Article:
Over the last three decades there have been five Reserve Bank of Australia (RBA) official cash rate (OCR) tightening cycles (refer Figures 1 and 2).
Figure 1: RBA hiking cycles over the past three decades
Figure 2: RBA tightening cycles (interest rate percentage change)
Source: Tyndall AM *as at April 2023
Unsurprisingly, total Australian housing commencements have responded to the RBA’s interest rate hiking cycle. Figure 3 shows the percentage change in housing commencements pre and post the RBA’s most recent tightening cycles.
Figure 3: Housing commencements pre and post RBA tightening cycles
Source: Tyndall AM
Ordinarily I might have expected a more consistent pattern (i.e. for all periods to be negative). However I make a number of observations from this data:
- Cycle 1 was driven by the RBA looking to reduce inflation after introducing the 2-3% inflation target in the early 1990s. This is a similar situation to today.
- Cycle 2 reflected the building industry hangover after the introduction of GST in July 2000.
- Cycle 3 was more elongated and arguably motivated by the RBA looking to reduce house price inflation, and was distorted by the GFC at the end of the cycle.
- Cycle 4 was also distorted by the GFC and several state and federal initiatives to encourage housing activity, in particular first homeowner grants increasing from $7k to $14k for an existing home and from $14k to $21k for a new home.
What is the likely impact of Cycle 5 on Australian housing commencements?
The answer seems to be exactly what you might expect. i.e. a drop of 30% or more.
We are starting from elevated levels thanks to the Australian HomeBuilder program, which saw Federal government grants of $25k to build a new home or substantially renovate an existing one. There were around 138k applications under the program. This is not dissimilar to the pull forward of activity we saw associated with the introduction of the GST. The RBA is also fighting a significant inflation battle as was the case in Cycle 1.
When we factor in: (i) the cost pressures being experienced by builders, (ii) labour availability issues, (iii) the lack of registered land, and (iv) the blowout in build times, a very significant pullback in activity appears likely. This will become increasingly evident in the back end of CY23 and into CY24.
Home sales data provides a useful guide as to what likely lies ahead. It typically takes 6-12 months for a home sale on a registered block of land to flow through to an approval, let alone a commencement. This timeframe can blowout significantly if the land is not registered. Housing sales data from the Housing Industry Association (HIA) confirms this.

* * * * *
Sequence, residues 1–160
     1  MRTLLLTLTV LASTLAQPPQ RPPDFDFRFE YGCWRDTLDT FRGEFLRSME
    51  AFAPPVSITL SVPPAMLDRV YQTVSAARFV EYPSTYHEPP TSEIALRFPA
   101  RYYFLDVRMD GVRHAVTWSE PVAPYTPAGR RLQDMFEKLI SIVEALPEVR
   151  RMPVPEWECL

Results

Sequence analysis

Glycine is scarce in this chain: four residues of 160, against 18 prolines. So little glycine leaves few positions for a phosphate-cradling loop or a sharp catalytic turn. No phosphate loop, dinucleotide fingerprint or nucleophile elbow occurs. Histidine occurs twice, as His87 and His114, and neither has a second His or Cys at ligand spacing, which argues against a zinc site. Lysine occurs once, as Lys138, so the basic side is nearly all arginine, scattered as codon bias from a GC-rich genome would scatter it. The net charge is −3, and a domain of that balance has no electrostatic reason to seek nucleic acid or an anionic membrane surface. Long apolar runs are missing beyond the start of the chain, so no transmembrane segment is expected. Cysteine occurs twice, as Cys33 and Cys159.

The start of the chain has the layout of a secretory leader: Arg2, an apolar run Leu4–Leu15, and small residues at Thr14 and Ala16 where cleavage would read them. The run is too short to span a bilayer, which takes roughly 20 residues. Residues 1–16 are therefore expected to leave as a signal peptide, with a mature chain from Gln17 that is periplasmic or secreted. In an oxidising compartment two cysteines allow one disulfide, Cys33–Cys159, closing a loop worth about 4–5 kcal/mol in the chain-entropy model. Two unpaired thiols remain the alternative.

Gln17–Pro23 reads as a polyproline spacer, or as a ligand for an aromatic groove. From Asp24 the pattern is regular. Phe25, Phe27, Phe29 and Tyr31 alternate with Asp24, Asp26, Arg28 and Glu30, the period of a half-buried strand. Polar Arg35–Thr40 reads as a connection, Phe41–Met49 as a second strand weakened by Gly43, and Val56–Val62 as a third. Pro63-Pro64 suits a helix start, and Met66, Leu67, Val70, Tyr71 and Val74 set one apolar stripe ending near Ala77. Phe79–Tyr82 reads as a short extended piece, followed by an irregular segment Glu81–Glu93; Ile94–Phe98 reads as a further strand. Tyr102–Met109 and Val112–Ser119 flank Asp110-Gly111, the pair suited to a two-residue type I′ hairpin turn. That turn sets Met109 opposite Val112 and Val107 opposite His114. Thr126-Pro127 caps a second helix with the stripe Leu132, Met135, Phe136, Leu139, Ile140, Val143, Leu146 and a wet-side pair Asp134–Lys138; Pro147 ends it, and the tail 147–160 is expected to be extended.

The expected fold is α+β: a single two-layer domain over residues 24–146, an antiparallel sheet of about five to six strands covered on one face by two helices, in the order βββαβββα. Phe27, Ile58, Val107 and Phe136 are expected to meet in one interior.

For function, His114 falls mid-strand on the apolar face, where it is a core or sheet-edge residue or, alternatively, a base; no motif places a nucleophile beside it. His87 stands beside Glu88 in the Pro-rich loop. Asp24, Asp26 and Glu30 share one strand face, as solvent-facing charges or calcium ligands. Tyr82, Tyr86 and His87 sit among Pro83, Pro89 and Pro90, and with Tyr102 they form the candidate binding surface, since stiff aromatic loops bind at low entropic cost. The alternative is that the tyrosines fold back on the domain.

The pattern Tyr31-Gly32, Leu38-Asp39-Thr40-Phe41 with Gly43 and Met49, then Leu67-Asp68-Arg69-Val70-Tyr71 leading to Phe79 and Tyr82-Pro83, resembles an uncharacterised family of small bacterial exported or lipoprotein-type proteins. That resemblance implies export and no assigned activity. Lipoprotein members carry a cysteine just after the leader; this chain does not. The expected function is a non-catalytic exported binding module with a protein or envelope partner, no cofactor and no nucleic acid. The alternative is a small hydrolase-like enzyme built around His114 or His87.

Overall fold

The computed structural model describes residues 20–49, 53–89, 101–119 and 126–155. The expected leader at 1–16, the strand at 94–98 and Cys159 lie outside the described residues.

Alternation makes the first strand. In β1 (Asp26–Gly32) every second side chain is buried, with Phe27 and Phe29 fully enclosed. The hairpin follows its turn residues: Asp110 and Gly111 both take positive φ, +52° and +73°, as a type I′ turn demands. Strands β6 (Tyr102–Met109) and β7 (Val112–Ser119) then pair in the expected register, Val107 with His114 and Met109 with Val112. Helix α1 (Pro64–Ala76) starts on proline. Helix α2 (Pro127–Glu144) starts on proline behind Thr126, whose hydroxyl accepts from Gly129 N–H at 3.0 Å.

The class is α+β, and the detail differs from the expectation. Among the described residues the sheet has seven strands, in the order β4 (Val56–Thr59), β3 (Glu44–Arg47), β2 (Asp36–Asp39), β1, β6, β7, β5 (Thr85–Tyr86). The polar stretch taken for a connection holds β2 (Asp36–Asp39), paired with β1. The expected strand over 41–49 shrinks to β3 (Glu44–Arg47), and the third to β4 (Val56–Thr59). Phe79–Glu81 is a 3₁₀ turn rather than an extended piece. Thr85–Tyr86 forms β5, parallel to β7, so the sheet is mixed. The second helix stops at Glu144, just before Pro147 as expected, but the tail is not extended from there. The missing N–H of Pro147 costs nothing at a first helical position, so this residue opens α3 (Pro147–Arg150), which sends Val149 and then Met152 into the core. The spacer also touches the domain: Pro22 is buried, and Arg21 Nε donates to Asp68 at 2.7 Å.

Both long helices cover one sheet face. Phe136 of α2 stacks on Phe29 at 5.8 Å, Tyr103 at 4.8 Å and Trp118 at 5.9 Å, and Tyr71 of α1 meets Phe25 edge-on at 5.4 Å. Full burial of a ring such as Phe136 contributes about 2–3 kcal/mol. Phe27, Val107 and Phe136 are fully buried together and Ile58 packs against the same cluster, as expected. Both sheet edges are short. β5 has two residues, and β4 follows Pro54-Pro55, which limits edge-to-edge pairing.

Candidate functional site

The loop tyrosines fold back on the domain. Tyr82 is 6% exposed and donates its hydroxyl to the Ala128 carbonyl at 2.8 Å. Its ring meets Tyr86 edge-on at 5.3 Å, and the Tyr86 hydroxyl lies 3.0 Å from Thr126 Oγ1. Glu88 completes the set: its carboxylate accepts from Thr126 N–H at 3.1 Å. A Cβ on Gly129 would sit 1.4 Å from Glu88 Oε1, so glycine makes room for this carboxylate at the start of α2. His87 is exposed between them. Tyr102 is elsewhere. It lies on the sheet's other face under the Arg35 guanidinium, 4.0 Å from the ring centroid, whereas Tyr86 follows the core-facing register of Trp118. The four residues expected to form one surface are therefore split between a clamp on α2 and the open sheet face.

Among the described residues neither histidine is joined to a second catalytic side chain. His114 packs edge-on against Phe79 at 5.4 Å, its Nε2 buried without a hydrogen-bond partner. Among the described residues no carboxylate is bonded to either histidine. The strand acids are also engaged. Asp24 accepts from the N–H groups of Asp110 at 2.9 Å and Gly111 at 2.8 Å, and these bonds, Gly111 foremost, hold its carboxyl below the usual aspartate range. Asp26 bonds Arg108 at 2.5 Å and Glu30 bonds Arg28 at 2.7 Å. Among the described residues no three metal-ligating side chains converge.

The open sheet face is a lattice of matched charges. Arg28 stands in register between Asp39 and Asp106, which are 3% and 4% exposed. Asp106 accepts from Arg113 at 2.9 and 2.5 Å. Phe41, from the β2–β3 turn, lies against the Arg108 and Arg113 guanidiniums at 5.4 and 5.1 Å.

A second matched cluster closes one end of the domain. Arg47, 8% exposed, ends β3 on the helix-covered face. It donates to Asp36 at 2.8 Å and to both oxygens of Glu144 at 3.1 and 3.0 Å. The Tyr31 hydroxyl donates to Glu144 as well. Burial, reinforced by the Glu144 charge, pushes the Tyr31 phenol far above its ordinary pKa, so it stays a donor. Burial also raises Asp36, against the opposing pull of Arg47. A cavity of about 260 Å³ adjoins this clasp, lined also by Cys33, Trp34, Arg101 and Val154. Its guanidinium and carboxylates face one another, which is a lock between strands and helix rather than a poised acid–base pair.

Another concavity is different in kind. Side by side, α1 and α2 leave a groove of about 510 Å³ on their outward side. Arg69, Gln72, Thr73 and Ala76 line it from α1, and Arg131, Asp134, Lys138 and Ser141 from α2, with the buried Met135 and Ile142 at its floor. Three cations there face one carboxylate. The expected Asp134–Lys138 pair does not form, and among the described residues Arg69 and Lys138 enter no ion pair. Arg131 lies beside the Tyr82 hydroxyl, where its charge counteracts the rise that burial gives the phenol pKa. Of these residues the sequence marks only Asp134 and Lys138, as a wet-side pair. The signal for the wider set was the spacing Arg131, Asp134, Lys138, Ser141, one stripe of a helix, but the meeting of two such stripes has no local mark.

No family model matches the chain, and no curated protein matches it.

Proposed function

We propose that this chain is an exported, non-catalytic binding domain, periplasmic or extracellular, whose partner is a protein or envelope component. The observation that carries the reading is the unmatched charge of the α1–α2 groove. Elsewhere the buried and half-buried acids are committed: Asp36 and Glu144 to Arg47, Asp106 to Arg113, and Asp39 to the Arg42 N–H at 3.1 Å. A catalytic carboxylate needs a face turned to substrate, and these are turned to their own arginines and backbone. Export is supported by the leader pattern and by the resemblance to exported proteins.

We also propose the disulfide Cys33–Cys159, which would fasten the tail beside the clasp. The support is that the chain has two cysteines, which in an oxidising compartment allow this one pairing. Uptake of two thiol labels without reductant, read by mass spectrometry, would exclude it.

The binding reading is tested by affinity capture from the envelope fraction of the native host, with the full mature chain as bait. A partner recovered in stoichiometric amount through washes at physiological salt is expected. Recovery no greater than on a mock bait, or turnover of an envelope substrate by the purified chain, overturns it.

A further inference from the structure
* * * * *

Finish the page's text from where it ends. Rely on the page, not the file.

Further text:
While February 2023 home sales increased 14.3% compared to January, new home sales for the three months to February were down 46.8%. NSW was down a staggering 76.6% on the same time last year, which is not surprising given it is the most expensive market nationally and the most interest rate sensitive. Ultimately, Cycles 2 and 5 prove that you can’t party this hard without getting a hangover.
A fall of 40% in housing commencements would suggest commencements in the order of 136k, while a 30% decline would be around 159k. It’s worth noting the biggest ever annual decline seen in Australian housing starts was post the introduction of the GST: in the 12 months to June 2001, housing commencements declined 33%. That record certainly looks under threat given the dual impact of a pull forward in activity and a significant increase in interest rates.
The consensus view based on a number of market forecasts suggests a big correction in housing starts in FY23 (around -23%) and a smaller decline in FY24 (around -7%). While directionally this might be right, I suspect the pullback could be deeper and longer than is forecast. The risk for companies exposed to this sector is that consensus underestimates the earnings leverage with pricing (which recently has generally been strong, in line with inflation) becoming increasingly difficult to achieve in a much weaker demand environment
Eventually the clouds will clear from the valley
Despite the current challenges, the RBA will send a stronger signal that rate hikes are done and given the strong migration outlook and housing shortage this should underpin a return to stronger residential construction activity. Sensible government policy may also eventuate around ‘built-to-rent’ and social/affordable housing. Let’s hope the days of handouts and mis-guided tax incentives as has been the norm for both political parties over the past 25 years are over.
From Tyndall’s perspective, this scenario presents a challenge. While some of the impacted companies are suggesting value is emerging, the likelihood of a further downturn in activity and downward revisions to consensus expectations increase the risk of investing too early, or as we often caution, “on the wrong side of the valley.” Nonetheless, our exposure to the Australian residential construction sector remains limited, and we have no immediate plans to change this stance.
Our modest exposure comes through Reliance Worldwide (RWC), whose small Australian business derives roughly 50% of its revenues from new construction, representing about 5% of its total earnings. Our focus with RWC, however, lies more in its US and European exposures. We anticipate that significant value opportunities will emerge over the next 12-18 months, and we are closely monitoring the situation to ensure we invest “on the right side of the valley.”